In short, no. As cars and van infotainment systems become more complex technologically using, this is not a new occurrence. In TRL’s report, it cited a 2015 review for the European Commission that estimated that driver distraction, in all its forms, is likely to be a factor in up to 30% of all road collisions in Europe each year (TRL, TNO & RappTrans, 2015), and multiple studies which have proven in-vehicle distractions when driving through the use of hand-held and hands-free mobile phone use, text messaging and social media.
The first mass application of voice control in the modern era was the 2001 BMW 7 Series that debuted iDrive.
Since then voice control has been used in cars and vans, through proprietary systems and through the use of those in smartphones, such as Siri.
It is not the panacea for safer driving though. In TRL’s test, the effect of using voice control for features was similar to that found with texting (34.7%) and conducting a hands free call (26.5%).
For both touch and voice control with both systems, reaction times were greater than established benchmarks of the effect of alcohol consumption (at the legal limit) and cannabis use on reaction time when driving.
Neil Greig, IAM RoadSmart’s Director of Policy and Research, said: “Driving is a complex activity that requires concentration. Anyone behind the wheel should have their full attention on the road and other road users so they can observe, plan ahead and anticipate what action is needed to get to their destination safely.
“Being connected to family, friends and work colleagues is important, but nothing should be more important than keeping your full attention on the task of driving.”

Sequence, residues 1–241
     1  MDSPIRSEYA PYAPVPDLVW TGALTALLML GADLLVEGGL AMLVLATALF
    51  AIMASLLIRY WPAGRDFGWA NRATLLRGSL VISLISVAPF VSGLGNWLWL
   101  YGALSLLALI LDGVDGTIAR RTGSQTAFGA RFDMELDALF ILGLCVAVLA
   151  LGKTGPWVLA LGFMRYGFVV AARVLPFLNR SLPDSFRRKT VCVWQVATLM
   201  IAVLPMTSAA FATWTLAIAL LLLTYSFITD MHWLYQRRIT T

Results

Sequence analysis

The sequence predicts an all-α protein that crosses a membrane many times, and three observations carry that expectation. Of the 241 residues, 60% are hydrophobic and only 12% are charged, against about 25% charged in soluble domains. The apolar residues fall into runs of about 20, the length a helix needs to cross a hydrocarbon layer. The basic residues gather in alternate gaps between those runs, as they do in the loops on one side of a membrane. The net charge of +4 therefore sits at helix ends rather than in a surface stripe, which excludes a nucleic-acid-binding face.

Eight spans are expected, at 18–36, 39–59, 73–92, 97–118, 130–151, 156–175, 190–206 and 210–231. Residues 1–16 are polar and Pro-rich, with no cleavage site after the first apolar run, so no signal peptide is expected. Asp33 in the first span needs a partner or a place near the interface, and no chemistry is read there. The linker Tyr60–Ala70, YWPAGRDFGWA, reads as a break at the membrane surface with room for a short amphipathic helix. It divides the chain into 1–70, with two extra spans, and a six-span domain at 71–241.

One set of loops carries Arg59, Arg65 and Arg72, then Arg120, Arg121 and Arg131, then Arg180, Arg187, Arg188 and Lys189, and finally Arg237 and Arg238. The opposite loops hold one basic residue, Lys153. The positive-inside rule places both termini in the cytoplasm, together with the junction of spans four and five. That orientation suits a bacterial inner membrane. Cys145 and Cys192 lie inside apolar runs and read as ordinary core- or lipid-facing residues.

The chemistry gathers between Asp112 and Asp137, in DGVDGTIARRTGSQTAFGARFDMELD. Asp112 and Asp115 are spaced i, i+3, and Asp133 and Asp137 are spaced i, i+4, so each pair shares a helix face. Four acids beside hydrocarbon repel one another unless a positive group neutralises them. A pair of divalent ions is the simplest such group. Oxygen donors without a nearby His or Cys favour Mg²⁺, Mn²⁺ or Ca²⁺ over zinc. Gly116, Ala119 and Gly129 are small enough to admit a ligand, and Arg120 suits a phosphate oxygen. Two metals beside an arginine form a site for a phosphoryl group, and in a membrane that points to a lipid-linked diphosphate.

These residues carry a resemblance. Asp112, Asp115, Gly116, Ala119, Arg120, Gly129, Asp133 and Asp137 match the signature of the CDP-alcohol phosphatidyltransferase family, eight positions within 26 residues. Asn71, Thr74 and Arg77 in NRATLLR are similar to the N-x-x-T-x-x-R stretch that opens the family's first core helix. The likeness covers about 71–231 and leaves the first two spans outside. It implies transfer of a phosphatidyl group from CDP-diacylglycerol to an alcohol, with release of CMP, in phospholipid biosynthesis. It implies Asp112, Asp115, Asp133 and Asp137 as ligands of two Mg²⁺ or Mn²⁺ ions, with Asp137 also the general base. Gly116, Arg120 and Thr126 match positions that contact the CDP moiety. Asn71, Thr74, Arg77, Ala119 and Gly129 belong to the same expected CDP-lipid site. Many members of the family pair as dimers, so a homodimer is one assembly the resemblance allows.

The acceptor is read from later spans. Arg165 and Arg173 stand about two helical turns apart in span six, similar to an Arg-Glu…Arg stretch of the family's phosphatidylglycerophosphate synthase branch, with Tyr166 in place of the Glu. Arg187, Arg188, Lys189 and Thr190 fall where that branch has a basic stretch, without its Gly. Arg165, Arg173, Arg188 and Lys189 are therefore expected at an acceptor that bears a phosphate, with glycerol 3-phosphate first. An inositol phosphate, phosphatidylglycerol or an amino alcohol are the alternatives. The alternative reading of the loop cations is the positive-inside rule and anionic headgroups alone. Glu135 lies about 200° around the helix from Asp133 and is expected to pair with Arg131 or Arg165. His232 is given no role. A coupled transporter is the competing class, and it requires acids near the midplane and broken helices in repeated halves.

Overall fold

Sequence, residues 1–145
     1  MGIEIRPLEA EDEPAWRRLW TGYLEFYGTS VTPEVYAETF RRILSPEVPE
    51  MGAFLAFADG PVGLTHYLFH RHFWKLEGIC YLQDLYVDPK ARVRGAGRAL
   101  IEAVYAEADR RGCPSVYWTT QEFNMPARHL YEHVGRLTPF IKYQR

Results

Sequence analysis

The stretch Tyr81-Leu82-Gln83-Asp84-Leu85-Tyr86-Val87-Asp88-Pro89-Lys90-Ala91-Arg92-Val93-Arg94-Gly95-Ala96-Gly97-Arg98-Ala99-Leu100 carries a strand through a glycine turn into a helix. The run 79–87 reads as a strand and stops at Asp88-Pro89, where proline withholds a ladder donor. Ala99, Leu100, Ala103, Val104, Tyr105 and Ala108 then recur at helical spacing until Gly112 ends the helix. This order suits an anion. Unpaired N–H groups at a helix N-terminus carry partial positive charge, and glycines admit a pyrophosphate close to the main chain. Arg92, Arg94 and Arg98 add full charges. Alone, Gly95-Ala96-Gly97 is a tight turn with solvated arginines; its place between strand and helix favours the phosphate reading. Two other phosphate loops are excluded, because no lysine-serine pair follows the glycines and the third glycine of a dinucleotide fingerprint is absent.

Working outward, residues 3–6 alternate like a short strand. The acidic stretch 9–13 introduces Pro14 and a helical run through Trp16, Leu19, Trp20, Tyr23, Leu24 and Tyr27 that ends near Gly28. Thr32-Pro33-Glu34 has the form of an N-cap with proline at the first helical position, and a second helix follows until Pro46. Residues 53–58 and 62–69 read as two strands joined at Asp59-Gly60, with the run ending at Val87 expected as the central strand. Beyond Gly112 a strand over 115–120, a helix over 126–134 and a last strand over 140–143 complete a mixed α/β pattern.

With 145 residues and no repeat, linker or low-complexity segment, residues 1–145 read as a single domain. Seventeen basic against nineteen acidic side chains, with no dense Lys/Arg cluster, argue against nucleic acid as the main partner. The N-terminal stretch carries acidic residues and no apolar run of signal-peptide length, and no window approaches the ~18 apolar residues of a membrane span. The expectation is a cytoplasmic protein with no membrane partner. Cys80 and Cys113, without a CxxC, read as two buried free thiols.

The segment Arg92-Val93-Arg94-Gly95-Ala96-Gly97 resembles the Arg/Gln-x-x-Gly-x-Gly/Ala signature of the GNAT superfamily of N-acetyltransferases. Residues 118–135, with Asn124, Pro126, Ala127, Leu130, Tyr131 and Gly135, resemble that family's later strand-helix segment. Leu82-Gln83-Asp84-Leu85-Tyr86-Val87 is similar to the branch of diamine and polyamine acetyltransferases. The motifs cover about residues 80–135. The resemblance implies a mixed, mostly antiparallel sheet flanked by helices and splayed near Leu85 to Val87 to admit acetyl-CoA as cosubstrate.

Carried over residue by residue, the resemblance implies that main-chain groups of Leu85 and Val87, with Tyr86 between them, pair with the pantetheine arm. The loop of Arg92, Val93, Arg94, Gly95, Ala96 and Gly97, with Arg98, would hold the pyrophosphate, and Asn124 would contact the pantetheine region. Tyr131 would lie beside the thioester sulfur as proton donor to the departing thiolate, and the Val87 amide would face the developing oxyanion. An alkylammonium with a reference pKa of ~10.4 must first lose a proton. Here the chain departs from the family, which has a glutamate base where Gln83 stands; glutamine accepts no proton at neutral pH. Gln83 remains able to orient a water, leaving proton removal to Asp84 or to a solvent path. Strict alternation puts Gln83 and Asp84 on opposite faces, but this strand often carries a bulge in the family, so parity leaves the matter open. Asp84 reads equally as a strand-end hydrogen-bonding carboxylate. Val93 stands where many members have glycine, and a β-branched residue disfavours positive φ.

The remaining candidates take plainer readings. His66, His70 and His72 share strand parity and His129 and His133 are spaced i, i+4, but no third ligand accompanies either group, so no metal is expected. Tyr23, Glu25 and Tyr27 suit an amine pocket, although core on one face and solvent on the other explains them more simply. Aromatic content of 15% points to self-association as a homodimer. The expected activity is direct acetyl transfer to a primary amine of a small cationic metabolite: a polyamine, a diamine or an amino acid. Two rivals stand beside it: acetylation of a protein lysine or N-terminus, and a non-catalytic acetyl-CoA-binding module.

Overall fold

Dr Neale Kinnear, head of behavioural science at TRL, added: “The results of this study clearly show that touch-control infotainment systems are highly distracting to drivers, far more so than voice-activated systems.
“However, even current voice control systems increase drivers’ reaction times and remains a concern for road safety.
“This is why TRL is recommending that we put our efforts into developing a framework for testing and improving the human factors of such systems.
“This includes improving voice activation as a method of control, as this has the opportunity to greatly reduce the workload on a driver thanks to innovations being made in conversational artificial intelligence (AI).
“TRL would like to see safety standards improved around infotainment systems, not just by their definition, but also through the harmonisation of standards across the entire transport sector.”
Also, when choosing the company cars and vans, check out tests such as the one What Car? produced here, which shows the best and easiest-to-use systems, and ensure drivers follows these guidelines:
Prepare yourself and the car’s infotainment system before starting your journey - plugging phones in and making sure they work.
Ensure you set up music and podcast choices on the apps you use before starting.
Switch off notifications for messaging apps such as WhatsApp, email and text message.
Enter destinations on the sat nav before your journey and don’t rely on phone signals and 4g to find your destination while on the move. A system such as CarPlay can easily store multiple locations. Also, make sure that voice guidance is switched on.
Set vehicle controls such climate control, suspension/drive settings before beginning journeys.
Where possible, don’t make and receive calls on your hands-free phone.